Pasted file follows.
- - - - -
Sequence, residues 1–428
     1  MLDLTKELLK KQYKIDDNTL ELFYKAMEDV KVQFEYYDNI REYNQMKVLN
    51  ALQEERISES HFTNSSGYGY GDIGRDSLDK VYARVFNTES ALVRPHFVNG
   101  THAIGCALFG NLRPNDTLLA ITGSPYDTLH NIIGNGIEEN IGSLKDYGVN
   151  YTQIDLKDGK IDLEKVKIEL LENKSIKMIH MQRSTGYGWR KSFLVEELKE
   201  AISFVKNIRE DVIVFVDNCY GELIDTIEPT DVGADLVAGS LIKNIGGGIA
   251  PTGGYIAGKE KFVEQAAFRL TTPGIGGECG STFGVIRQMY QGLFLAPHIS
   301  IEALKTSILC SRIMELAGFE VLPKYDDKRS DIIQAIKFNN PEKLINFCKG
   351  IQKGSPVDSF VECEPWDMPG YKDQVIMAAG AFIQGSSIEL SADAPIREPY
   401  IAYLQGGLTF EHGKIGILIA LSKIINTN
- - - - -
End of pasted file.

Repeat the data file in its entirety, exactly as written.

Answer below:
Sequence, residues 1–428
     1  MLDLTKELLK KQYKIDDNTL ELFYKAMEDV KVQFEYYDNI REYNQMKVLN
    51  ALQEERISES HFTNSSGYGY GDIGRDSLDK VYARVFNTES ALVRPHFVNG
   101  THAIGCALFG NLRPNDTLLA ITGSPYDTLH NIIGNGIEEN IGSLKDYGVN
   151  YTQIDLKDGK IDLEKVKIEL LENKSIKMIH MQRSTGYGWR KSFLVEELKE
   201  AISFVKNIRE DVIVFVDNCY GELIDTIEPT DVGADLVAGS LIKNIGGGIA
   251  PTGGYIAGKE KFVEQAAFRL TTPGIGGECG STFGVIRQMY QGLFLAPHIS
   301  IEALKTSILC SRIMELAGFE VLPKYDDKRS DIIQAIKFNN PEKLINFCKG
   351  IQKGSPVDSF VECEPWDMPG YKDQVIMAAG AFIQGSSIEL SADAPIREPY
   401  IAYLQGGLTF EHGKIGILIA LSKIINTN